But community housing providers and local governments say national strategy on housing urgently needed.
The NSW Government’s transfer of 20-year leases for 14,000 public housing properties to community organisations is an important part of addressing chronic issues facing the sector, providers and experts say.
The move will see a boost to the maintenance of properties and more innovative and tailored models of public housing emerge, says Andrew McAnulty, chief executive officer of Link Housing, which was awarded 1,875 property leases.
“We’re focused on being good housing managers, doing repairs, listening to tenants and providing them with opportunities,” Mr McAnulty told Government News.
The not-for-profit organisation provides individual support to assist tenants to eventually move out of public housing, allocating a local housing coordinator to ensure they’re accessing necessary support such as mental health or disability services.
Another team within the organisation works to connect tenants with their community and tackle social isolation.
It also recently provided $50,000 in scholarships to help tenants access higher education. “We have one tenant doing a social work degree, one doing a law degree, others doing return to work courses,” said Mr McAnulty.
As a result of the state’s transfer of property leases, public housing tenants will now be able to receive the Commonwealth Rent Assistance scheme, which the NSW Government says will deliver $1 billion extra to the state’s system over 20 years.
Mr McAnulty argues that the 20-year leases give not-for-profit community providers the security to invest in and upgrade the properties.
“We’ll also look at what properties could be redeveloped and have conversations with government around that… like providers in the UK and Ireland we look at different models, we can be a bit more innovative and nimble,” he said.
Experts say that the move by the NSW Government is a positive one.
Hal Pawson, a professor of housing at UNSW, has said that amid government reluctance to provide a necessary financial boost to the sector, a well-designed diversification of public housing incorporating community providers “has the potential to form part of the solution.”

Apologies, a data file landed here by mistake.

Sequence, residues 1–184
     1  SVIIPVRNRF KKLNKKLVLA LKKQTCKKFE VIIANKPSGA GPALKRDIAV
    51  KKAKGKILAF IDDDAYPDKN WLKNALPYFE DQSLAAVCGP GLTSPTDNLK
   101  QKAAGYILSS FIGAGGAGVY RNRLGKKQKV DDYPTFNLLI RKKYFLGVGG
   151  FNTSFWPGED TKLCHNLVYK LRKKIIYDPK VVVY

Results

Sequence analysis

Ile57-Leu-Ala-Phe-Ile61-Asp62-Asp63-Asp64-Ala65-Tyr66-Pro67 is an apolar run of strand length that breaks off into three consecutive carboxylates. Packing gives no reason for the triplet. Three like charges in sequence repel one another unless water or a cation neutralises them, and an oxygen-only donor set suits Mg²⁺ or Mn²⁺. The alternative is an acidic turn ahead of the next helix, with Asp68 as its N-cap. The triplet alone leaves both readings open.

Link Housing, which has effectively doubled in size following the leases transfer, has benefited from excellent relationships with local government across northern and metropolitan Sydney, says Mr McAnulty.
“Our local governments have been brilliant. A lot of the awareness raising around affordable housing and the housing crisis has actually come through local government,” said Mr McAnulty.
According to the Australian Local Government Association, some councils’ housing involvement has gone beyond traditional planning requirements. It points to those using excess council land or buildings for housing, engaging with community providers and undertaking housing surveys.
Last week ALGA called for a “national governance model” to address affordable housing and homelessness, ahead of next year’s federal election.
The peak pointed out Australia is currently without a national housing strategy or national housing dialogue between the three levels of government.
Similarly, Mr McAnulty argues that a national strategy, overseen by a federal housing minister, is required.
“That strategy has to be layered, and knitted together, involving all levels of government,” he said.
“NSW has a future directions strategy, which has been great. But the problem we’re dealing with is bigger than that one strategy. An AHURI report last week said 727,000 social housing homes need to built in Australia by 2036,” Mr McAnulty said.
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